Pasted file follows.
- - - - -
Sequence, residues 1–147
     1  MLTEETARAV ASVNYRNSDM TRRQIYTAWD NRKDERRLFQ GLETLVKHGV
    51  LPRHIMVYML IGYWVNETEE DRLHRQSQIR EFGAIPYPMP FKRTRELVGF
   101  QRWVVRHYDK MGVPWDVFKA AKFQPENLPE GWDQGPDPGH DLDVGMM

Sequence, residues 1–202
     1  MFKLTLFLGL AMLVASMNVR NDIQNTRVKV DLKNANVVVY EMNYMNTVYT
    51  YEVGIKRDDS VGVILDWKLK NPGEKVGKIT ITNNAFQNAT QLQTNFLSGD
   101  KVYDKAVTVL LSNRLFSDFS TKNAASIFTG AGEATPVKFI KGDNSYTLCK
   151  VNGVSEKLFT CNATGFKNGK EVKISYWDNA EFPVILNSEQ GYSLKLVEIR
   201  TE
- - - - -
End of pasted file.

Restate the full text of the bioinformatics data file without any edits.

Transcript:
Sequence, residues 1–147
     1  MLTEETARAV ASVNYRNSDM TRRQIYTAWD NRKDERRLFQ GLETLVKHGV
    51  LPRHIMVYML IGYWVNETEE DRLHRQSQIR EFGAIPYPMP FKRTRELVGF
   101  QRWVVRHYDK MGVPWDVFKA AKFQPENLPE GWDQGPDPGH DLDVGMM

Sequence, residues 1–202
     1  MFKLTLFLGL AMLVASMNVR NDIQNTRVKV DLKNANVVVY EMNYMNTVYT
    51  YEVGIKRDDS VGVILDWKLK NPGEKVGKIT ITNNAFQNAT QLQTNFLSGD
   101  KVYDKAVTVL LSNRLFSDFS TKNAASIFTG AGEATPVKFI KGDNSYTLCK
   151  VNGVSEKLFT CNATGFKNGK EVKISYWDNA EFPVILNSEQ GYSLKLVEIR
   201  TE